Poster from Postcards from the Edge. Image via Columbia Pictures.
Postcards From the Edge (1990)
An actress battling substance abuse is forced to move back in with her overbearing mother.
In the interest of full disclosure, I’ve never seen Postcards From the Edge before. And what better way to watch it for the first time than at the TCM Classic Film Festival, complete with introduction by Todd Fisher? This is one of two Reynolds-related titles at the festival (next to Singin’ in the Rain ), but the only one I haven’t actually watched.
Loosely based on the life of Carrie Fisher and her mother, Debbie Reynolds, watching Postcards is automatically going to evoke tears. (Between the festival’s tributes to Debbie and Carrie, alongside honoring Robert Osborne, this could be one of the more dour festivals.) Fisher has detailed the writing of the book and the adaptation, while mother Reynolds was always cagey about discussing how much of the film was authentic. Either way it’s safe to assume that art inspired life, and vice versa.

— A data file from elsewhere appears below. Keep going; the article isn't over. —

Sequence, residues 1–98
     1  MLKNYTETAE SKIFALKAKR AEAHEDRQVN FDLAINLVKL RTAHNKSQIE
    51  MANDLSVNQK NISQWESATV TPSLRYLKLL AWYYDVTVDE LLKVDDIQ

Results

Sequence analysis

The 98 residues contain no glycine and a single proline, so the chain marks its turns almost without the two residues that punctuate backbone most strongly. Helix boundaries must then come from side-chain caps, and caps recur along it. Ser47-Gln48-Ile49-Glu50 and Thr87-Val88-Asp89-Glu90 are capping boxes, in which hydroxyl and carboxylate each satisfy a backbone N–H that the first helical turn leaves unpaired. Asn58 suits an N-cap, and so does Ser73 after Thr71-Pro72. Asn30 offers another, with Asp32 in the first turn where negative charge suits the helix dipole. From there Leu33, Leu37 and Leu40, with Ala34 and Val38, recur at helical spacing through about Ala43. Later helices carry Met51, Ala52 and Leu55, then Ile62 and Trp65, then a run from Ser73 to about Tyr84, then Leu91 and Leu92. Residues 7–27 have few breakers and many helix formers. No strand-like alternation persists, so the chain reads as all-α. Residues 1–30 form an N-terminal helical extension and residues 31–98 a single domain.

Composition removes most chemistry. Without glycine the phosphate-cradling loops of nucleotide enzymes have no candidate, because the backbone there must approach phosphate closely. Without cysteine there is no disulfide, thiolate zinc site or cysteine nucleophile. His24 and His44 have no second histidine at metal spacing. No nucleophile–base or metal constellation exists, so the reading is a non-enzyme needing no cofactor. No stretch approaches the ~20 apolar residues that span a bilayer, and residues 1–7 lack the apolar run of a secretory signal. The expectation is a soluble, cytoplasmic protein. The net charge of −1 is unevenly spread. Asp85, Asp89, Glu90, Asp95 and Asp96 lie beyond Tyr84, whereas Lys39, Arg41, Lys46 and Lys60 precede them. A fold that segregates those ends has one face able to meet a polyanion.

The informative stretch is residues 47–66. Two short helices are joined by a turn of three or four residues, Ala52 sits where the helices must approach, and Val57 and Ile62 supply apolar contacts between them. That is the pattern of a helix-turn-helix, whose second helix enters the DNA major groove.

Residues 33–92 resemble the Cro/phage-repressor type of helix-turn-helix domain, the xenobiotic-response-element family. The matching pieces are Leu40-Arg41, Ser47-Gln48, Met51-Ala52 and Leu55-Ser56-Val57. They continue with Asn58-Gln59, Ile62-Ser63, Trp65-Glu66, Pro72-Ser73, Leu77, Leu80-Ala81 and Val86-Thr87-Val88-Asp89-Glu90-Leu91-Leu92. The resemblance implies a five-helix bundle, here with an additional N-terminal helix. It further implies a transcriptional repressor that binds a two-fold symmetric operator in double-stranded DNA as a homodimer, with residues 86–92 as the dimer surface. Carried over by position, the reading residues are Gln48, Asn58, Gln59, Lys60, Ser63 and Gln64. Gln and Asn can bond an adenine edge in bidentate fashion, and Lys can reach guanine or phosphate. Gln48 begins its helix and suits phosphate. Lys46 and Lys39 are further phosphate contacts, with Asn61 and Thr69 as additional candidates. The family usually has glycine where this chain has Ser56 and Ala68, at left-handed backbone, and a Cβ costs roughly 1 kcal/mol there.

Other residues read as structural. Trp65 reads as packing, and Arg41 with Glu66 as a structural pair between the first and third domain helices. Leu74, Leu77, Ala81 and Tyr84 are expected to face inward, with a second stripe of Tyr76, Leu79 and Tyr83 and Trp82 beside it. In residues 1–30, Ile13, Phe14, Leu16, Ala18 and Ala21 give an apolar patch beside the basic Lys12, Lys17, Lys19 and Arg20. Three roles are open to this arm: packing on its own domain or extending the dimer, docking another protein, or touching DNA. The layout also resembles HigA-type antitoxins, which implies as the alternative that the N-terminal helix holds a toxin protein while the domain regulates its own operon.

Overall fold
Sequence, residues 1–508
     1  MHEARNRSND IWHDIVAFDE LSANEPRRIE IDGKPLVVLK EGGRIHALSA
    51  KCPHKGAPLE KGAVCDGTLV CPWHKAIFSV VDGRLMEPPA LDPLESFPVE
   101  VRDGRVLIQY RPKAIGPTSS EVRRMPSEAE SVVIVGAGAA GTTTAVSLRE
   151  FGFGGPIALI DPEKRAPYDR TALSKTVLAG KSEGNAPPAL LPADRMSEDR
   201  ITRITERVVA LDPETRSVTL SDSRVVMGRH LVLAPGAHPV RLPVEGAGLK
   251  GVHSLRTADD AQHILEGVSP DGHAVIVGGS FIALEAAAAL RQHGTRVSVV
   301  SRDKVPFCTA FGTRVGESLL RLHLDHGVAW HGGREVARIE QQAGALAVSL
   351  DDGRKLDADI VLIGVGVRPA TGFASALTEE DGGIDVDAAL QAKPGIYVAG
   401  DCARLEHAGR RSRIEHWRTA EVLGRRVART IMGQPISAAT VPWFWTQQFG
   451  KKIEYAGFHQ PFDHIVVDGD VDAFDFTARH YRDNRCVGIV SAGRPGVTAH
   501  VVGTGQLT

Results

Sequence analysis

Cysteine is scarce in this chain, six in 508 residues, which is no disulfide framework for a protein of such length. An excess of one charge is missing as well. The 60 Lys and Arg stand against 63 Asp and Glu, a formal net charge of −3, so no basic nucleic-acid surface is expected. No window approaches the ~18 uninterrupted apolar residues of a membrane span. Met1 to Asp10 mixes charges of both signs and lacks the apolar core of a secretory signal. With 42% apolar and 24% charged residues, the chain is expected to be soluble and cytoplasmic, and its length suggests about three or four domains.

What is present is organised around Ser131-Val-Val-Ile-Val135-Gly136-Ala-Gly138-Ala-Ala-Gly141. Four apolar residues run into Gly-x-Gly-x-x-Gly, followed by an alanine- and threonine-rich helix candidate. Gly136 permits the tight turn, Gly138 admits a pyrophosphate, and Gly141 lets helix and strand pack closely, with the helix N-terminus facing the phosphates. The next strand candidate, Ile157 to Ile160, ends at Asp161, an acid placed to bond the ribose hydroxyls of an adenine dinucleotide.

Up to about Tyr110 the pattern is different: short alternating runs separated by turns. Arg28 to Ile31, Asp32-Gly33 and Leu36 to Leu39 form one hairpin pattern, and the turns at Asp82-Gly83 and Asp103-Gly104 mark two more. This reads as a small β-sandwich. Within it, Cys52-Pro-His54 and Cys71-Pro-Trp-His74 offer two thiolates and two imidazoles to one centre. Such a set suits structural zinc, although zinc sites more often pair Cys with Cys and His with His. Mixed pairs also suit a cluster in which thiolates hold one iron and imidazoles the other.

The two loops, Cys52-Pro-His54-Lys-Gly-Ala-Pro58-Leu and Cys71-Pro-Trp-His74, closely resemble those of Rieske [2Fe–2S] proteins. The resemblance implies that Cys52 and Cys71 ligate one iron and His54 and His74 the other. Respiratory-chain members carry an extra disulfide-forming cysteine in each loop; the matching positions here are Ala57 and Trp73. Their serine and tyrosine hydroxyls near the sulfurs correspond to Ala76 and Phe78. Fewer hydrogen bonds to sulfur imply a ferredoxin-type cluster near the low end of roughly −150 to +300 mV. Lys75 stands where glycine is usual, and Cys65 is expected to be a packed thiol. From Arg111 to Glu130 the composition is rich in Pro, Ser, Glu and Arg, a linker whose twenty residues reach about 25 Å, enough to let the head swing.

The movie’s been touted to me as a must-see and I can’t figure out why it’s slipped by me, especially considering it has both Meryl Streep and Shirley MacLaine. Seriously, this sounds like the perfect film. Add in a perils of Hollywood storyline, and it has all the makings of a “Kristen approved” feature film.
Next: The Princess Bride